5 Types of Unnecessary Hyphenation
The sentences below, each followed by a discussion and a revision, illustrate various ways in which a hyphen is used extraneously.
1. He adds that cities should be forced to follow a federally-defined law pertaining to what kinds of benefits restaurants should be required to provide to their employees.
Because adverbial phrases such as “federally defined” (where the adverb federally modifies the adjective defined, which in turn modifies a noun) so closely resemble adjectival phrases such as “little known” (where the adjectives little and known combine to modify a noun), and phrases in the latter category are usually hyphenated before a noun, adverbial phrases are also often (incorrectly) hyphenated.
Here, as in the case of all adverbial phrases ending in -ly, “federally defined” is not hyphenated: “He adds that cities should be forced to follow a federally defined law pertaining to what kinds of benefits restaurants should be required to provide to their employees.” (However, flat adverbs—those lacking the -ly ending—are hyphenated to an adjective when the adverbial phrase precedes a noun, such as “high ranking.”
2. Most of them are small- and medium-sized cities many people may never have heard of.
Small is followed by a hyphen here as if it constitutes a case of suspended hyphenation, where a repetition (in this case) of sized is implied, but the two elements modifying cities are not “small sized” and “medium sized,” but rather small and “medium sized,” so the hyphen after small is erroneous: “Most of them are small and medium-sized cities many people may never have heard of.”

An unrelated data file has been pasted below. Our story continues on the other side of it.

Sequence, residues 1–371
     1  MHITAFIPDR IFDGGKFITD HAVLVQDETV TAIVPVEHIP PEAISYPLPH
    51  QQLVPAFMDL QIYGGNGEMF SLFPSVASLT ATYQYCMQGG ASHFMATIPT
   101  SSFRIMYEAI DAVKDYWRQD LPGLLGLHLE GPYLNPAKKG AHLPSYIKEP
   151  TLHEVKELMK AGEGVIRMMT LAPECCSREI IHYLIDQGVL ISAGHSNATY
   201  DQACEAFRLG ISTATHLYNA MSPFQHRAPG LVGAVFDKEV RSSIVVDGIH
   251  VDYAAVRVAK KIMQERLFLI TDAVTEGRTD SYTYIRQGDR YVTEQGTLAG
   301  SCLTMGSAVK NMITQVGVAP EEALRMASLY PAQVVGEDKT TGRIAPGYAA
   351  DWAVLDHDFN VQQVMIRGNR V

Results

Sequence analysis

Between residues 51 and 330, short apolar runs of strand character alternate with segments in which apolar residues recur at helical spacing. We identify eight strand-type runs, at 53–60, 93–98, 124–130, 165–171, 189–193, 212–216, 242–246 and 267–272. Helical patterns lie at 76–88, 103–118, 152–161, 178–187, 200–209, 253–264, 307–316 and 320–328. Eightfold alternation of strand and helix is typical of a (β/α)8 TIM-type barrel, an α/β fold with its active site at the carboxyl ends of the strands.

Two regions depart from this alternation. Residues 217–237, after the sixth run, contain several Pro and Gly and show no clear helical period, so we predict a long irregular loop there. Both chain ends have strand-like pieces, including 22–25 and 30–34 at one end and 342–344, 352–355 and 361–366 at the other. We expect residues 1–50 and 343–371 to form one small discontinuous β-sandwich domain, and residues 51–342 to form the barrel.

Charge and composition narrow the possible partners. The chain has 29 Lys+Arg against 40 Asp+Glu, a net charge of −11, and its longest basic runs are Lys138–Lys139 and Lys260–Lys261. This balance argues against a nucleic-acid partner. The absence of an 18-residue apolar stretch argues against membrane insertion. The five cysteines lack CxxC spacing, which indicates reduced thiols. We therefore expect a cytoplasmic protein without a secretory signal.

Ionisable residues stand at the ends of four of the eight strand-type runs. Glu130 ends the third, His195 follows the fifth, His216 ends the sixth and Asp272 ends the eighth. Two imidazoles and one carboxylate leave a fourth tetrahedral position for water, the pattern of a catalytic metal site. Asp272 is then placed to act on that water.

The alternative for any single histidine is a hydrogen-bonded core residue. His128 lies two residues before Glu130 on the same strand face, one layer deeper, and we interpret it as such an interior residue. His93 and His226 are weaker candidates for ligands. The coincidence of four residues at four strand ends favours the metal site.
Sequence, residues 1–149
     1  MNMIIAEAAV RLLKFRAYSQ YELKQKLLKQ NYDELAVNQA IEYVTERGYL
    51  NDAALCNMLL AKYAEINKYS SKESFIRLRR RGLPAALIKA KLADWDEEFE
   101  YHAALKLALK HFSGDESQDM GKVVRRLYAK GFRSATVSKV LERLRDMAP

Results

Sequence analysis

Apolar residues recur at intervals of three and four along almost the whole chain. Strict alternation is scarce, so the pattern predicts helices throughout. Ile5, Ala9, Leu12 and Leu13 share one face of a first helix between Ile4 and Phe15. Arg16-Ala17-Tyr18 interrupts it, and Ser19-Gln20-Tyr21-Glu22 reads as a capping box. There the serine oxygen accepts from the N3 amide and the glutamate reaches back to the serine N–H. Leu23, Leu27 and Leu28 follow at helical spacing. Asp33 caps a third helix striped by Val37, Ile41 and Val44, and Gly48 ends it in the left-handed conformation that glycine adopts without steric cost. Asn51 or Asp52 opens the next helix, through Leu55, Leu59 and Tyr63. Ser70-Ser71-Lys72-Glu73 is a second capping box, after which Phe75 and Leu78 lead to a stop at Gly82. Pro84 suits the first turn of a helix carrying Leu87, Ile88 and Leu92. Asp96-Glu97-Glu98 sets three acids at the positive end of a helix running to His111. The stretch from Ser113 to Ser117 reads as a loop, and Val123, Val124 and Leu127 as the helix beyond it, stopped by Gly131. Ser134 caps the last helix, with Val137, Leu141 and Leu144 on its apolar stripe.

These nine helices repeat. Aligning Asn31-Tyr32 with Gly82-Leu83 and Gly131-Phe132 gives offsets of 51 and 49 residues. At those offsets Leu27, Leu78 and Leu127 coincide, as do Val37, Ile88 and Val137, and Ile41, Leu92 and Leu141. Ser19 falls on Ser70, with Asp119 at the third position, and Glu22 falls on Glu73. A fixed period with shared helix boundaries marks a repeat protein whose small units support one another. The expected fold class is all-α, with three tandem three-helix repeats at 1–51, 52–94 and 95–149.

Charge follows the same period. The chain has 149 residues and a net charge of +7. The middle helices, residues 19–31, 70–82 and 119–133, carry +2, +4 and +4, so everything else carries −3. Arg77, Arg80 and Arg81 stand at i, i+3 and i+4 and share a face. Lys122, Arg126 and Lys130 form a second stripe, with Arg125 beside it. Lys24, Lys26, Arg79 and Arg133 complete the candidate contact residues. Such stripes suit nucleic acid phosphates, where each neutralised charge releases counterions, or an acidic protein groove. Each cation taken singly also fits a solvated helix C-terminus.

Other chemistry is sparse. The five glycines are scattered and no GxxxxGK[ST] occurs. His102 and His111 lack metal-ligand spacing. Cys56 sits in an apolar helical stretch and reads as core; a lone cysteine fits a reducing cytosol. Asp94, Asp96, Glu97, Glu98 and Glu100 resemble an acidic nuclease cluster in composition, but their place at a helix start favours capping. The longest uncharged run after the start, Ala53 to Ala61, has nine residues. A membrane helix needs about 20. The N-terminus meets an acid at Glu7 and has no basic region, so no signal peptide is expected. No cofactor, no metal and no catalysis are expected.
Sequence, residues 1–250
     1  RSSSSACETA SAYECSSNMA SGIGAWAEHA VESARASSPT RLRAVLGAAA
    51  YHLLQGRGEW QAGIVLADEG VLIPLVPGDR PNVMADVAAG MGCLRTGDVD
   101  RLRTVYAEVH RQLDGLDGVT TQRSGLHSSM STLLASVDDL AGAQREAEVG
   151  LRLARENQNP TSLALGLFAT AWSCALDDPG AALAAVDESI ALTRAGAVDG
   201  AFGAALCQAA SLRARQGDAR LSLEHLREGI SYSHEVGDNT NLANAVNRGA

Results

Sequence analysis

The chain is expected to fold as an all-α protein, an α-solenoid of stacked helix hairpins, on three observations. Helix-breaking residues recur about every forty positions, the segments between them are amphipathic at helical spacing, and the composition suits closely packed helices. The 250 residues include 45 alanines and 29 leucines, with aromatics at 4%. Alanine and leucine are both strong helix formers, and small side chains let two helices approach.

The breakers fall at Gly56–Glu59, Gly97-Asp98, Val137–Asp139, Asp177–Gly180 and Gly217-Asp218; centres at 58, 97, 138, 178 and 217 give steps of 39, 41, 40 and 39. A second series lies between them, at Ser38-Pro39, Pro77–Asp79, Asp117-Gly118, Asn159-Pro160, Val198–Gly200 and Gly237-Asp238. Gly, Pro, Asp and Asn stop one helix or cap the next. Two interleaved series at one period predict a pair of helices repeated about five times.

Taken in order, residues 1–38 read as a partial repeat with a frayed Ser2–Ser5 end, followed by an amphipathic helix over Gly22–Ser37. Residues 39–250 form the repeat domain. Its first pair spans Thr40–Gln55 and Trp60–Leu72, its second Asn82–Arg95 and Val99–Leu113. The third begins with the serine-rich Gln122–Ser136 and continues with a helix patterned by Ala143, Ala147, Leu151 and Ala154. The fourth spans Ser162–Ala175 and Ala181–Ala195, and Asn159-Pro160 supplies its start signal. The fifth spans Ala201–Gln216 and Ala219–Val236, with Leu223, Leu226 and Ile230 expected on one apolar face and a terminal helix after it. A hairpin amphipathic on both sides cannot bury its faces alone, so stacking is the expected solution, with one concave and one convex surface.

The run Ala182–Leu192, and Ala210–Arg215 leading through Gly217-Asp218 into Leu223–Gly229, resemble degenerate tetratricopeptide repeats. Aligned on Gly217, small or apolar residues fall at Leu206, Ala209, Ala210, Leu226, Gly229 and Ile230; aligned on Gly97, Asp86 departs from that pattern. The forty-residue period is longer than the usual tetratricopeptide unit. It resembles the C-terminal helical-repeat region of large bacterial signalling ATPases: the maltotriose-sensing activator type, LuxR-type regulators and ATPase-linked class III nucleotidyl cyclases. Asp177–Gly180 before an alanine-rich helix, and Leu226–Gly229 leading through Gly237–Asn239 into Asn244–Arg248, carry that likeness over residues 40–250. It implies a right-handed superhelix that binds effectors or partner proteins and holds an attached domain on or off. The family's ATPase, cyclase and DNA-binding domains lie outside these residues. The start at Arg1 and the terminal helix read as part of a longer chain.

3. The film was among the highest-grossing that year.
A phrasal adjective is generally not hyphenated when it follows the noun it modifies: “The film was among the highest grossing that year.” (Alternatively, retain the hyphen but insert a synonym for the noun after the phrasal adjective, as in “The film was among the highest-grossing releases that year.”)
4. The developers proposed to phase-in that part of the project over the course of several years.
“Phase in” consists of a verb and a preposition, which have no need of a hyphen to signal their interrelationship: “The developers proposed to phase in that part of the project over the course of several years.” (This error likely exists as a result of a confusion of the phrase with its use as an adjectival phrase, where a hyphen is valid, and as the noun phase-in, similar to built-in.)
5. Jones is a past-president of the organization.
In this sentence, past is an adjective modifying president, and as such, it should not be attached to the word it modifies: “Jones is a past president of the organization.”
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2 Responses to “5 Types of Unnecessary Hyphenation”
Dale A. Wood
Note: when the adverbial phrase precedes a noun, such as “high ranking.”
Adverbial phrases do not precede nouns, but adjectival phrases DO precede nouns.
Example: “The well-fed and high-ranking racing stallion was admired by all of his fans.”
Example: “The underfed and overworked donkey was ignored by almost everyone.”
Dale A. Wood
Note: “This error likely exists as a result of a confusion of the phrase with its use as an adjectival phrase, where a hyphen is valid, and as the noun phase-in, similar to built-in.”
“Phase-in” is a poor noun, and its use should not be encouraged. Use “a phasing-in procedure”, or “the phasing in of the process”, or “the phasing-in process”.
“Built-in” is not a noun at all, but it is always an adjective, as in “a built-in kitchen” and “a built-in outhouse”!